For those whose gender identity doesn’t align with their biological sex, proactive fertility considerations are especially important. Gender-affirming hormone therapy and other aspects of gender transition can have a significant impact on a person’s ability to produce healthy sperm and create a pregnancy later in life. Read on to understand more about fertility and sperm freezing for trans women.
While we’ll be using the phrases “trans women” and “transgender women” here, this guide applies to any sperm-producing person considering gender transition, regardless of identity.
Photos courtesy of The Gender Spectrum Collection.
The process of gender transition may affect fertility in several different ways.
Testosterone is essential to the production of sperm; it plays a role in initiating several key processes in spermatogenesis, including the division and maturation of sperm cells. The goal of hormone therapy for transgender women is to decrease testosterone and increase estrogen levels to create a more typically feminine appearance. Estrogen therapy helps decrease testosterone levels in the body. Many trans women also use anti-androgens to further decrease their testosterone to typical female levels (around 70 ng/ml).
Testosterone levels under 264 ng/ml are associated with poorer semen parameters. And, as we would expect, use of estrogen and androgen-blockers is associated in research with poor sperm quality and lower sperm count. A 2017 review looked at nearly 40 years of research on the impact of cross-sex hormones on the sperm quality and testicular function of trans women. The review found that, in the majority of cases, estrogen and/or anti-androgen treatment caused reduced or halted spermatogenesis, as well as physical changes to the testicles.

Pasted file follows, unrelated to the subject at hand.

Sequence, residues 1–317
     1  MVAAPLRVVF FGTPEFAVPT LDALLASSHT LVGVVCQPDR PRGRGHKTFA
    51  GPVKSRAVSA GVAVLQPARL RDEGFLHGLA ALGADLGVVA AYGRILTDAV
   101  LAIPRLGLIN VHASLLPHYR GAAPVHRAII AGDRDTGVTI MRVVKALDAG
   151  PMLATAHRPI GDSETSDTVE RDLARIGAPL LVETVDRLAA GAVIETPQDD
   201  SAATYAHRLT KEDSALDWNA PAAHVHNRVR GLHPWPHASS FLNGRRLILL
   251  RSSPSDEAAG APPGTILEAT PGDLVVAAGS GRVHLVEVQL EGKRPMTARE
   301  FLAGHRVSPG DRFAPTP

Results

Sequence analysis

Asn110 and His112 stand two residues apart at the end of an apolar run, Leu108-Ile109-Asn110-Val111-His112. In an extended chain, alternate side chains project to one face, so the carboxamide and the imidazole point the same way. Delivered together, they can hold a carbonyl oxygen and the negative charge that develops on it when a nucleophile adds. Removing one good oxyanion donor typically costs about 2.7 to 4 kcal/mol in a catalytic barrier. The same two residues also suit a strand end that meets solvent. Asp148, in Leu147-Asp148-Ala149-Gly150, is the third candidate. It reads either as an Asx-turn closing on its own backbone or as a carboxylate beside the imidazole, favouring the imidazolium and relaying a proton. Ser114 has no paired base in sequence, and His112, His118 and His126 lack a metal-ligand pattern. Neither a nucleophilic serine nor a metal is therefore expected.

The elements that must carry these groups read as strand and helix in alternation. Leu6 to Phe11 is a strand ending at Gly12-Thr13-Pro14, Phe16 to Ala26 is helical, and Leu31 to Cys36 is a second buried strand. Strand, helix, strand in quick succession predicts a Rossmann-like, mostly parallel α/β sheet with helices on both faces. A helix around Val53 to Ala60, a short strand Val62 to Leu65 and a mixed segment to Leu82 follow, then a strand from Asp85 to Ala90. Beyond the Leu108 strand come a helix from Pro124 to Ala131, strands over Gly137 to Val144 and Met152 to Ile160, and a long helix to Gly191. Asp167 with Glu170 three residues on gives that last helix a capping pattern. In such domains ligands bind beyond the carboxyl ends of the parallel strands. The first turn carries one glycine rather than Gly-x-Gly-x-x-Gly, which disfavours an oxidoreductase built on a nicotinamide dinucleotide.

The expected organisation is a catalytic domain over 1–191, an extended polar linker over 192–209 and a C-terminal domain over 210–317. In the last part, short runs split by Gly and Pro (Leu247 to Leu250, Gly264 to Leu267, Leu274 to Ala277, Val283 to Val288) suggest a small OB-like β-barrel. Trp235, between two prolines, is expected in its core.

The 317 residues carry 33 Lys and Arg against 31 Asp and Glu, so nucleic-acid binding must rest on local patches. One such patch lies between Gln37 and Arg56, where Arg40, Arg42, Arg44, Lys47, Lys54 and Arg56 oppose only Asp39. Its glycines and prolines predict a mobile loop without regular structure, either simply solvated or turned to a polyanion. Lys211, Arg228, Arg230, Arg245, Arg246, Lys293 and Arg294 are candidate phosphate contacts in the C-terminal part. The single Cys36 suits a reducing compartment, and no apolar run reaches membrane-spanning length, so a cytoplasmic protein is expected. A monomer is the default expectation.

How long does it take for hormone replacement therapy (HRT) to impair fertility? The effect seems to be dose-dependent. In one study, a low-dose estrogen therapy had no impact on sperm concentration or motility, while a higher-dose regimen resulted in reduced sperm motility after just a few days and reduced sperm concentration after 2 weeks.
Is infertility caused by gender-affirming hormones reversible? In some cases, it appears to be. One study suggested that, within 6 months of stopping estrogen therapy, 67% of subjects recovered a normal sperm count. However, the impact of medical gender transition on fertility, as well as the capacity for spermatogenesis to recover if estrogen treatment is paused, seem to be variable and individual. Case studies demonstrate that, while some patients continued spermatogenesis through gender-affirming hormone treatment, others stopped producing sperm altogether, and several experienced azoospermia for 4–5 months after pausing therapy.
Sperm is produced in the testicles, and gender-affirming bottom surgery for trans women involves the removal of the testicles. Therefore, while most people who opt for bottom surgery retain sexual function, it’s not possible to recover sperm production or “natural” fertility after bottom surgery. That’s why many trans women freeze sperm before surgical transition or have a testicular sperm extraction (TESE) at the time of bottom surgery.
The primary fertility preservation option for assigned-male-at-birth trans people is sperm freezing or cryopreservation. Sperm freezing is the process of freezing one or more semen “samples,” or ejaculations, for potential use to attempt to conceive later on.
The process of sperm freezing is as follows: A person will produce a semen sample via masturbation. That sample is then brought into a lab, processed, and analyzed to determine that it’s healthy enough for freezing. If it is, it’s plunged into liquid nitrogen to quickly bring it to a temperature of -196ºC, at which point all biological processes stop. Then it can stay cryogenically stored indefinitely.
Learn more about sperm freezing.
In the past, the process of sperm freezing required you to visit a fertility clinic or sperm bank to produce a semen sample in a “collection room” on-site. This can be an uncomfortable experience for many people, including trans women. Legacy offers an at-home sperm analysis and freezing kit that allows you to mail your sample to our labs for clinic-grade analysis and cryogenic storage.